Effects of Supplemental Pantothenic Acid During All or Part of the Grow-Finish Period on Growth Performance and Carcass Composition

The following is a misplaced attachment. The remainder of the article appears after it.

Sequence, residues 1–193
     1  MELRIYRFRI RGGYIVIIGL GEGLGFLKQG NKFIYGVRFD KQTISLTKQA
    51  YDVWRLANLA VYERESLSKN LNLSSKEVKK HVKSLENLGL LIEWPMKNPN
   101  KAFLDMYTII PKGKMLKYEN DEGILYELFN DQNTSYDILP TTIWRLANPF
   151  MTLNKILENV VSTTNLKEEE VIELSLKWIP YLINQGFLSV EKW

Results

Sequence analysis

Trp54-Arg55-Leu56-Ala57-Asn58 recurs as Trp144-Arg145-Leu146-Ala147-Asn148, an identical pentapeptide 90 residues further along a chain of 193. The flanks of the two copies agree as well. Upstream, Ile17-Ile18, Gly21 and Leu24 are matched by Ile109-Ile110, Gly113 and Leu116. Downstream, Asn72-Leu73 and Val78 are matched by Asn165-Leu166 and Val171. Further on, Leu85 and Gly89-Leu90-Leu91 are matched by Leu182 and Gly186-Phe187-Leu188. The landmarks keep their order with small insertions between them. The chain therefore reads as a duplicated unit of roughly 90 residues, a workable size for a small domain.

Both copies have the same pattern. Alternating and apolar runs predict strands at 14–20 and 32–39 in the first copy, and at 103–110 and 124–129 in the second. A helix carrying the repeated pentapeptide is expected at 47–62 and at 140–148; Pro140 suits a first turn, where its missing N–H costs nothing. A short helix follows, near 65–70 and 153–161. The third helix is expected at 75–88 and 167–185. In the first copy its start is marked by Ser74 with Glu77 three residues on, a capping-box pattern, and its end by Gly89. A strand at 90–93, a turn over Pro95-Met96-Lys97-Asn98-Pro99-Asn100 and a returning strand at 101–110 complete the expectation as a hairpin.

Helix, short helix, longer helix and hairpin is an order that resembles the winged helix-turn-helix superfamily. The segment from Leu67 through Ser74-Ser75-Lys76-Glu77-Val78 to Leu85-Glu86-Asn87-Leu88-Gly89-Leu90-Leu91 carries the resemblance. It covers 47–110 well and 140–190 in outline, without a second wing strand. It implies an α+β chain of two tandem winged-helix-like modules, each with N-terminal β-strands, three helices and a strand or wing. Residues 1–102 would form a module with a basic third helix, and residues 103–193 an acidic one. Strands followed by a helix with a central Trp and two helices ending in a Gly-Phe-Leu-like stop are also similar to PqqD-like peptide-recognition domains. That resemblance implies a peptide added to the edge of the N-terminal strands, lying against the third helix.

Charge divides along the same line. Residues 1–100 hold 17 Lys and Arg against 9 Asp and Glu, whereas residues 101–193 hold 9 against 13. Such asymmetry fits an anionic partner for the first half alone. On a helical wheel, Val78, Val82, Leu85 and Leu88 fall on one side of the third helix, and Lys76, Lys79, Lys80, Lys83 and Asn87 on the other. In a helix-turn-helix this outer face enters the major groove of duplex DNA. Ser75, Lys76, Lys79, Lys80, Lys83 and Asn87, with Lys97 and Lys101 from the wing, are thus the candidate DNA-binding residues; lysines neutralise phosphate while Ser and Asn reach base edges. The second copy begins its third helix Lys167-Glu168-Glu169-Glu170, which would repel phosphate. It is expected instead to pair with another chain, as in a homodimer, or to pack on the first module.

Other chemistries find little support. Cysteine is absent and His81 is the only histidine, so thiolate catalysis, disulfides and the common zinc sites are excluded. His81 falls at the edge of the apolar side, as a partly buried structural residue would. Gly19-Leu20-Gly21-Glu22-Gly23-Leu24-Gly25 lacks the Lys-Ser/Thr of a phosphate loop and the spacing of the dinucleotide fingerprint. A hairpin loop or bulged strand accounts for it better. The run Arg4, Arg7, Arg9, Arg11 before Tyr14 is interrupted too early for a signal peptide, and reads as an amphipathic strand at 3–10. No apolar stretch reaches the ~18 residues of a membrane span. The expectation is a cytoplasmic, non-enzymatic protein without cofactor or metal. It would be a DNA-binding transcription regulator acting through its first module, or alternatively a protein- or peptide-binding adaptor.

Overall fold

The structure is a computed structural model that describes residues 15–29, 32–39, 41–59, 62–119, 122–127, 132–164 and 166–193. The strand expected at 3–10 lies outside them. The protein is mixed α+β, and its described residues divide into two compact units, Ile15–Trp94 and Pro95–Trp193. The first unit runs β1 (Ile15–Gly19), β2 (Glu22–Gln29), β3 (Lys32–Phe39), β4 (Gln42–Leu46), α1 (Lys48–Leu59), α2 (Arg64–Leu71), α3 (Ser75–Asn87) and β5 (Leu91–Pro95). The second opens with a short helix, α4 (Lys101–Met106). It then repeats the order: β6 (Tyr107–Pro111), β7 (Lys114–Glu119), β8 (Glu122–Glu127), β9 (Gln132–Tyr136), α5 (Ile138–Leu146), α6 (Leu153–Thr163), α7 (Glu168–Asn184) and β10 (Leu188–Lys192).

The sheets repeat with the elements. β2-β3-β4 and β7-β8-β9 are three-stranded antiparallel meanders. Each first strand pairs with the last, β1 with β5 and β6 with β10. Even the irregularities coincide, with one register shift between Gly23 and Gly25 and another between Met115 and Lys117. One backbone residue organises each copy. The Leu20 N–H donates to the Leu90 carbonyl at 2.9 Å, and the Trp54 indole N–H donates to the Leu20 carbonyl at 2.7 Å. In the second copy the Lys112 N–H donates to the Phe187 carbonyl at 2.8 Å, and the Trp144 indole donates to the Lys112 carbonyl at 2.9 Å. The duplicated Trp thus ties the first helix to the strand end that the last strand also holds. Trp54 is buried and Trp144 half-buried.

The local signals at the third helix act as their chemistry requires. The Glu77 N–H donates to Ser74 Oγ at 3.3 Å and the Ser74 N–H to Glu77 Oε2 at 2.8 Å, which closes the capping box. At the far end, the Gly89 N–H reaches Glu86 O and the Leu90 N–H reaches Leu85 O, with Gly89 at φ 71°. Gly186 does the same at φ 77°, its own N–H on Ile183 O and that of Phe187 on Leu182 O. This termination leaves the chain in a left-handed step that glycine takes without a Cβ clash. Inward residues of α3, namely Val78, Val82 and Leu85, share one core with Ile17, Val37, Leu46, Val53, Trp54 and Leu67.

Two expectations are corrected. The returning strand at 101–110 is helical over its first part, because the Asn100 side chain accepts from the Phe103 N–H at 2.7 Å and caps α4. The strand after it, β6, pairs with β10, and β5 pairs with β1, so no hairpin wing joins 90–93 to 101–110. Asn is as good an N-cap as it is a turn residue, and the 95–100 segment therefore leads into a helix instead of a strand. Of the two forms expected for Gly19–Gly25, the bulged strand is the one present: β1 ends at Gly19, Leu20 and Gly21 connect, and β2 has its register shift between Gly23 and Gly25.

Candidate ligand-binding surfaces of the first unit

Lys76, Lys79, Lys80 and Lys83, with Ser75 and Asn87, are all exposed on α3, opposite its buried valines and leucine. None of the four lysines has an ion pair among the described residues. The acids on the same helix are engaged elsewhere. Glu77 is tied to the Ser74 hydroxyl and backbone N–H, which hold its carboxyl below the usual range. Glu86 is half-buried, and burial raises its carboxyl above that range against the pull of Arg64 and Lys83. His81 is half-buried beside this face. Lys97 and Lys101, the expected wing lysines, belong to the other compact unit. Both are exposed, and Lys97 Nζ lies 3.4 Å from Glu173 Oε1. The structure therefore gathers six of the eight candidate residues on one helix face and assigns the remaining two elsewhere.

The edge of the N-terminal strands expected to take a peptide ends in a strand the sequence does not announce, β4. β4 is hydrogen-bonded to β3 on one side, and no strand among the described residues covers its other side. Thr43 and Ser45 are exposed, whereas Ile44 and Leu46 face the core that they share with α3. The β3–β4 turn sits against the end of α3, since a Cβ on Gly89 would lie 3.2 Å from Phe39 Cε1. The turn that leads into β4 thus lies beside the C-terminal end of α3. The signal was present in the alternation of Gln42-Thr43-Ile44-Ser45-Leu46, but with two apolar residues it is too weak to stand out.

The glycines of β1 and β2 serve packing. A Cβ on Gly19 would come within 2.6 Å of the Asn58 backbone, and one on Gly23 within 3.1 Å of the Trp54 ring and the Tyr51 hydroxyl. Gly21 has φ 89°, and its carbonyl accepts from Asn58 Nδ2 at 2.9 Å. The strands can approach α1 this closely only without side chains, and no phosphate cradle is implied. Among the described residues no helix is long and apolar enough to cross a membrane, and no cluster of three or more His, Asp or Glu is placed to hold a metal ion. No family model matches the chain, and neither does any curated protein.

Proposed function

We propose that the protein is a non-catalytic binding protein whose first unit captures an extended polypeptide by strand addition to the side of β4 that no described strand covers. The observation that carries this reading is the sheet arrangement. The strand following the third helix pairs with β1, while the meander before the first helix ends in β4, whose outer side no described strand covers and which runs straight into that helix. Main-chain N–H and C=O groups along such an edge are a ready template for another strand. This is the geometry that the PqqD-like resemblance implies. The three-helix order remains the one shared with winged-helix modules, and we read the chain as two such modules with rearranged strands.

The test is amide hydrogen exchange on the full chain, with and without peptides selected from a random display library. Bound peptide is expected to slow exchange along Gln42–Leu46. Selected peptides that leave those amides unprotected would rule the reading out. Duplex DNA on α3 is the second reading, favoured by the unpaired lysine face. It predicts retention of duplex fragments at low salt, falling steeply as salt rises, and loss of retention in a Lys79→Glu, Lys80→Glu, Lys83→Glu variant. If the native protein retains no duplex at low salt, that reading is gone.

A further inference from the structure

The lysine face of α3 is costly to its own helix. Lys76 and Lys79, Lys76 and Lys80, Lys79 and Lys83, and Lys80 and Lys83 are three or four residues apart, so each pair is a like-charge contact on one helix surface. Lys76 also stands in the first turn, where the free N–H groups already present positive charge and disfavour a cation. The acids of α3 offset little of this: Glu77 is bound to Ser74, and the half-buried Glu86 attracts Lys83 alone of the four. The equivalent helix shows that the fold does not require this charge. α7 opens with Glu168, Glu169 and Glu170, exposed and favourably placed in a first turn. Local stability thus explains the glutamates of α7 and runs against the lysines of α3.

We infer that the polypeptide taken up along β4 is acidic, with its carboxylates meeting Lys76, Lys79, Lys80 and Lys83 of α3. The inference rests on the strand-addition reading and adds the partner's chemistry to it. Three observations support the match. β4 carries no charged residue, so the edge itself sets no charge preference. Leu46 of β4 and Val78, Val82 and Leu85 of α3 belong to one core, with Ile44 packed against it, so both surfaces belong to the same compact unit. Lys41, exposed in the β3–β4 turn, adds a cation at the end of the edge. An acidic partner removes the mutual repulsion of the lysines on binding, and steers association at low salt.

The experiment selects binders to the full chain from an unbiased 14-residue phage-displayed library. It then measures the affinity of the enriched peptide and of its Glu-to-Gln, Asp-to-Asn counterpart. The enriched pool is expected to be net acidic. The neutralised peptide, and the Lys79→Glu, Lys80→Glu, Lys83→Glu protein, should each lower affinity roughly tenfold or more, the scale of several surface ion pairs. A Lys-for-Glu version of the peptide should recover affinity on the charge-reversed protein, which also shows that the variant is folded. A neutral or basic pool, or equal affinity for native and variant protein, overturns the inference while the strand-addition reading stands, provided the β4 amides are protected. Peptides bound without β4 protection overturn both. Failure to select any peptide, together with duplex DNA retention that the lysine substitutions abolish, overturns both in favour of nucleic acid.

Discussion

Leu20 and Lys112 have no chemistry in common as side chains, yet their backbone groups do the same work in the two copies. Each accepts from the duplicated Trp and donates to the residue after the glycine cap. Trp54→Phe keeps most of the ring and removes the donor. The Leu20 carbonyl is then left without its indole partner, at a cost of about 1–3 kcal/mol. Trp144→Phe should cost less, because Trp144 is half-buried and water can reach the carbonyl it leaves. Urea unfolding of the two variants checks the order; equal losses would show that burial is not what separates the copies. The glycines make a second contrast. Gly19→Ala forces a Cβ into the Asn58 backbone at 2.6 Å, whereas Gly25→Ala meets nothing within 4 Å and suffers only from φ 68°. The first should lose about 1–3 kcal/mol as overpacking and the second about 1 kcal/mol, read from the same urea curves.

Purdue University 2003 Swinw Research Report. Pantothenic acid (PA) is a component of coenzymne A, and is required in the diet of pigs at concentrations of 7 to 12 ppm (NRC, 1998). However, recent interest has surrounded the elevated supplementation of this vitamin and its potential effects on carcass lean. Stahly and Lutz (2001) observed a quadratic increase in estimated fat free lean (%) as PA supplementation increased from 0 to 120 ppm in the diet of pigs from wean to finish. Further research from this same group (Autrey et al., 2002) reported a linear increase in estimated fat free lean (%) as the level of supplemental PA was increased from 0 to 45 ppm from wean to finish. These studies indicate that pantothenic acid may be a very cost effective method of increasing carcass lean. However, the diets fed contained elevated levels of all B vitamins (6x NRC) and lysine. Therefore, the results observed may not accurately represent a commercial situation. Therefore, this study was designed to determine whether feeding elevated levels of PA during the whole grow-finish period or during the finisher period only has any effects on growth or carcass characteristics in typical commercial swine diets.